i would like to implement a custom Encrypt than HMAC scheme instead of using AES-GCM can anyone share resource to do it correctly . are there any common pitfalls i should be aware of for secure implementation ( i browsed internet but got shady sites like medium.com , i couldn't trust hence asking here , sorry for poor english)


1 Answer 1


If you want to support associated data so the interface is the same as any AEAD, I started writing an Internet Draft called Encrypt-then-MAC for Committing AEAD (cAEAD), which can be found here.

That can be followed exactly and is what I'd recommend because it's the most flexible. It's then easy to transfer to a different AEAD in the future and encrypt data in chunks.

Otherwise, here's a summary for regular Encrypt-then-MAC without associated data:

  • Use a 256-bit tag. A 128-bit tag isn't collision resistant, meaning the construction wouldn't be committing, so there would be no benefit over AES-GCM. Anything greater than 256 bits is unnecessary and creates more storage overhead. Truncation to 256 bits is fine.
  • Derive a separate 256-bit encryption key and 256-bit MAC key using a KDF with the same input keying material. This is also required for commitment. You can either retrieve a larger output (512 bits) and split it in half, or you can do two calls with different context information. There's no need to use keys larger than 256 bits, and 128-bit keys should be avoided due to multi-target attacks/a security reduction.
  • Authenticate the IV/nonce (e.g. by prepending it to the ciphertext before computing the MAC over everything).
  • Authenticate headers (e.g. version numbers) to detect tampering. If in doubt, authenticate everything.
  • You should be aware of canonicalization attacks when computing a MAC over multiple variable length inputs concatenated together. The best solution is to have a fixed format/use fixed length inputs. Otherwise, you should include the length of each concatenated input in the MAC calculation. This is somewhat explained in the draft (the little-endian encoding).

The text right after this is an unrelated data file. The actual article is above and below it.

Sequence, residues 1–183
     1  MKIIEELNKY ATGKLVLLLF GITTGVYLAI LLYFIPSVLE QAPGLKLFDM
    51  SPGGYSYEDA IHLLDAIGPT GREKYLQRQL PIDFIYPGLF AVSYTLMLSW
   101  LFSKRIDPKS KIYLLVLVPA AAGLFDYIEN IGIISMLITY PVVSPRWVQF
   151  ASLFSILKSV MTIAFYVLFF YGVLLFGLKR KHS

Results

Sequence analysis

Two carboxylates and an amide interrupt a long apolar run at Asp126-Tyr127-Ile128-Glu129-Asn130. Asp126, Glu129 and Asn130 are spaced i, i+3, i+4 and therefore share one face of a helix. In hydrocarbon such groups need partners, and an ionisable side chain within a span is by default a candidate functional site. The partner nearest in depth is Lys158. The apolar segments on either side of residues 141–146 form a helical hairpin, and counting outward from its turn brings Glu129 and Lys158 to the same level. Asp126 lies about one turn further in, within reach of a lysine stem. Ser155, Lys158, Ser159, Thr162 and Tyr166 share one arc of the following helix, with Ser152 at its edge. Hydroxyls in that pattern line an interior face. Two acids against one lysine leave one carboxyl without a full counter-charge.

• For decryption, the recomputed tag must be compared with the stored tag in constant time to avoid leaking information.
  • If the tags don't match, don't decrypt anything, just return an error.
  • Zero the encryption key and MAC key from memory when you're done using them if possible.

This non-AEAD approach typically means you get one tag over the entire ciphertext rather than encrypting in chunks and getting multiple tags. Therefore, you ideally want a MAC that works well with large inputs, like BLAKE3.

If this sounds complicated, consider using a library like Tink that offers Encrypt-then-MAC implementations.

  • 1
    $\begingroup$ There needs to be a canonical format where fields cannot overlap when authenticating header, IV & ciphertext. When a spec says "concatenate for MAC" then what you actually need to do is to perform successive calls to the "update" function for the MAC, unless your ciphertext format is exactly the same as the the MAC input data. Beware that authenticating the version number is an extremely good idea, but if you allow for a weak AEAD constructions that depend on that same version number, then verifying the version as additional data may be too late. $\endgroup$
    – Maarten Bodewes
    Aug 26, 2022 at 10:15

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